Molecular Biology of the Cell
Geisel School of Medicine
Yeast vacuoles undergo fission and homotypic fusion, yielding one to three vacuoles per cell at steady state. Defects in vacuole fusion result in vacuole fragmentation. We have screened 4828 yeast strains, each with a deletion of a nonessential gene, for vacuole morphology defects. Fragmented vacuoles were found in strains deleted for genes encoding known fusion catalysts as well as 19 enzymes of lipid metabolism, 4 SNAREs, 12 GTPases and GTPase effectors, 9 additional known vacuole protein-sorting genes, 16 protein kinases, 2 phosphatases, 11 cytoskeletal proteins, and 28 genes of unknown function. Vacuole fusion and vacuole protein sorting are catalyzed by distinct, but overlapping, sets of proteins. Novel pathways of vacuole priming and docking emerged from this deletion screen. These include ergosterol biosynthesis, phosphatidylinositol (4,5)-bisphosphate turnover, and signaling from Rho GTPases to actin remodeling. These pathways are supported by the sensitivity of the late stages of vacuole fusion to inhibitors of phospholipase C, calcium channels, and actin remodeling. Using databases of yeast protein interactions, we found that many nonessential genes identified in our deletion screen interact with essential genes that are directly involved in vacuole fusion. Our screen reveals regulatory pathways of vacuole docking and provides a genomic basis for studies of this reaction.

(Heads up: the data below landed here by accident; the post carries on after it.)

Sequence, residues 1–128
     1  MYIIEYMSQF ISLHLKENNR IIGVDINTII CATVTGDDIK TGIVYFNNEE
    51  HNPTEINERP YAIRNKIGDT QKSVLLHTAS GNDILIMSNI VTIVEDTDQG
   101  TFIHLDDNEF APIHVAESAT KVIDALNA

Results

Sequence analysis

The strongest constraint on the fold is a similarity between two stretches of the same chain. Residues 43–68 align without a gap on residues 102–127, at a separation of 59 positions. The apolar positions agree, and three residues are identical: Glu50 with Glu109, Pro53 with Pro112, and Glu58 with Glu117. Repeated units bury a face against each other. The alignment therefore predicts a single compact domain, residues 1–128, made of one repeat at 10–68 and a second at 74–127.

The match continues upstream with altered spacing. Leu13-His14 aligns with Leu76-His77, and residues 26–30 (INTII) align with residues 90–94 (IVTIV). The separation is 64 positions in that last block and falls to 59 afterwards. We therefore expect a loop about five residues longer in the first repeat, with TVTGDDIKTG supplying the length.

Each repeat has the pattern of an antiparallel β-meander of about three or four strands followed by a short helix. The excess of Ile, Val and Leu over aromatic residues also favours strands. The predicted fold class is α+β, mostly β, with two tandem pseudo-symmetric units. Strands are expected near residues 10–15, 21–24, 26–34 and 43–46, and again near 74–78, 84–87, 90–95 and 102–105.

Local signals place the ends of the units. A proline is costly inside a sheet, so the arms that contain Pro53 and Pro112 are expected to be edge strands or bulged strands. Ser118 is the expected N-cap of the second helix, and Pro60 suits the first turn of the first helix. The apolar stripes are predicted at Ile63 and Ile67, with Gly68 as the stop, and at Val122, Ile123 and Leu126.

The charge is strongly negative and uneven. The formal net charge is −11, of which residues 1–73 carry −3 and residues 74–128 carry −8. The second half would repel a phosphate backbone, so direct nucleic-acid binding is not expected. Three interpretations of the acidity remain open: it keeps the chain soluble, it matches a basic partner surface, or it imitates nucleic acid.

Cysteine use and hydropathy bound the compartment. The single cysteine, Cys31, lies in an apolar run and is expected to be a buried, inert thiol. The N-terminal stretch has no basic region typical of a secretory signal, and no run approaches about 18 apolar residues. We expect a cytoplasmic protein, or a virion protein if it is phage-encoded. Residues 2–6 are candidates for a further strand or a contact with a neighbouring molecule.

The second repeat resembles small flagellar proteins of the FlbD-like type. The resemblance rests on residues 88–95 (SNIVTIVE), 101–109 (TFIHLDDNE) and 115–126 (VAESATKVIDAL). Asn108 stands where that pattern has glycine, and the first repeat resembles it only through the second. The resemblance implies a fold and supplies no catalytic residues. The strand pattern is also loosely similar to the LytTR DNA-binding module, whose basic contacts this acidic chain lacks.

Seeley ES, Kato M, Margolis N, Wickner W, Eitzen G. Genomic analysis of homotypic vacuole fusion. Mol Biol Cell. 2002;13(3):782-794. doi:10.1091/mbc.01-10-0512
Dartmouth Digital Commons Citation
Seeley, E Scott; Kato, Masashi; Margolis, Nathan; Wickner, William; and Eitzen, Gary, "Genomic Analysis of Homotypic Vacuole Fusion" (2002). Dartmouth Scholarship. 3844.